As noted in the widely publicized Institute of Medicine report, medical errors are a major cause of mortality, morbidity, and excess health care costs (1). A substantial portion of these medical errors are medication errors that lead to preventable adverse drug events (ADEs). In the United States, the estimated cost of a preventable ADE ranges from $2, 600 to $6, 800 (based on year 2000 values) in hospitalized patients and from $700 to $2, 200 in outpatients requiring emergency department evaluation or hospital admission. When extrapolated to a nationwide basis, the combined annual cost is in the range of $2 billion to $3 billion (2). Antibacterial agents represent the class of drugs most cited as the subject of ADEs (3, 4). Furthermore, the adverse effects attributable to antibacterial agents are not limited to minor reactions. This class has been found to be a major cause of fatal ADEs (5).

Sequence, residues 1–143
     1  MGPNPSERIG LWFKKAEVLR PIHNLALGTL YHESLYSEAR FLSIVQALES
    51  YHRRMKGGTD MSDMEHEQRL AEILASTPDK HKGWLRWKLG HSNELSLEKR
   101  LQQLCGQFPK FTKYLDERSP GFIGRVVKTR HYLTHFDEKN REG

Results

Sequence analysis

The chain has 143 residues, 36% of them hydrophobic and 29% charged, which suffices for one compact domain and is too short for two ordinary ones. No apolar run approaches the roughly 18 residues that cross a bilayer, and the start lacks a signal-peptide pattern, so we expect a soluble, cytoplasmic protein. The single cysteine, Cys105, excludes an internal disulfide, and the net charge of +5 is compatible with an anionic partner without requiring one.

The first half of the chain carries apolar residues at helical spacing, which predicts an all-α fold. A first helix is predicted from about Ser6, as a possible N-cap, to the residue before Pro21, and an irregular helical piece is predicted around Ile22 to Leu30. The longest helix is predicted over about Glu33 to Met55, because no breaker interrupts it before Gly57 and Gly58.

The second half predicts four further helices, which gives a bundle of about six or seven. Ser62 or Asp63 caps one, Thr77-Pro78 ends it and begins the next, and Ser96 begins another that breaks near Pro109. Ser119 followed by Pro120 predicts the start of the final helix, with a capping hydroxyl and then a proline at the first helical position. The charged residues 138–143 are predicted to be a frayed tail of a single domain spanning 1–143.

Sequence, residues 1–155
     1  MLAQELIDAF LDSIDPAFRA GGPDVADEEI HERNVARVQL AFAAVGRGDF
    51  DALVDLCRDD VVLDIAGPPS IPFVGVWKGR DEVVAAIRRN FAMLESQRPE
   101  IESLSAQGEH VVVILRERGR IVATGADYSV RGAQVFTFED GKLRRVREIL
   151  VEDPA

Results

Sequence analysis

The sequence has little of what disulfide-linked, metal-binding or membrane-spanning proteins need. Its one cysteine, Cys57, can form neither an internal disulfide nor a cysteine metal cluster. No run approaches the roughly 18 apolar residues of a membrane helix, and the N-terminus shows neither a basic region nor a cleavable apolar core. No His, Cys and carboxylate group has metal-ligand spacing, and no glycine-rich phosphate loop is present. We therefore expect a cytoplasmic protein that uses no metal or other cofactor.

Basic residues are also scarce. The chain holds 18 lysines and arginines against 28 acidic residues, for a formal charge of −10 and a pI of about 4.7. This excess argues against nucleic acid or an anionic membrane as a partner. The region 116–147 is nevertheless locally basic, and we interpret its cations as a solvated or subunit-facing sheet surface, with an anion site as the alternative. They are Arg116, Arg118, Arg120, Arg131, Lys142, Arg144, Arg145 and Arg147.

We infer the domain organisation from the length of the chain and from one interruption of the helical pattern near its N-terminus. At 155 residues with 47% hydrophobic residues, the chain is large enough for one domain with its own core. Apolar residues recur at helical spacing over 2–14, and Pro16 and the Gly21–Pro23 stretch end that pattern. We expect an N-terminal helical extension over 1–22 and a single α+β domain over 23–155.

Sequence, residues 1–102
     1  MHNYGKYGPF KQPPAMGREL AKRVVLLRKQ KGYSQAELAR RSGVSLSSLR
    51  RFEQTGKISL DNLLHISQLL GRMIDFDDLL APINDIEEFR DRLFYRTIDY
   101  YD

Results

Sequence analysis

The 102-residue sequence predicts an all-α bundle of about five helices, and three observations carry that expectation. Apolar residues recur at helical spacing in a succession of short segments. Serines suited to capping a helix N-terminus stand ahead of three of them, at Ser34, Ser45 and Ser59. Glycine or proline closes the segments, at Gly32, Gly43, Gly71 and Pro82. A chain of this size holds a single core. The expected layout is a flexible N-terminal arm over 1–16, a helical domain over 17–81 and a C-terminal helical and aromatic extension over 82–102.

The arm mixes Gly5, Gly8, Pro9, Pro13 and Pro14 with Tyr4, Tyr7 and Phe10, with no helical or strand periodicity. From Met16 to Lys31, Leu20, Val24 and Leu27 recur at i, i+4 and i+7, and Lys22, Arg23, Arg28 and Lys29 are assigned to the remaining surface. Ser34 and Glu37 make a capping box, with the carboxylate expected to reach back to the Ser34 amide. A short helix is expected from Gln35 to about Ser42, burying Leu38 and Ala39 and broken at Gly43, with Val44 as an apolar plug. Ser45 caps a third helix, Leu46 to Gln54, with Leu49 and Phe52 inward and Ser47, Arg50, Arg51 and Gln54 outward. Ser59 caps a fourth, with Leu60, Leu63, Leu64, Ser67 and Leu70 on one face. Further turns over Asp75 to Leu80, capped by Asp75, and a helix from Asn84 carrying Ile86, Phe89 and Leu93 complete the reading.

|Original language||English (US)|
|Title of host publication||Antibiotic Optimization|
|Subtitle of host publication||Concepts and Strategies in Clinical Practice|
|Number of pages||26|
|Publication status||Published - Jan 1 2004|
ASJC Scopus subject areas
- Pharmacology, Toxicology and Pharmaceutics(all)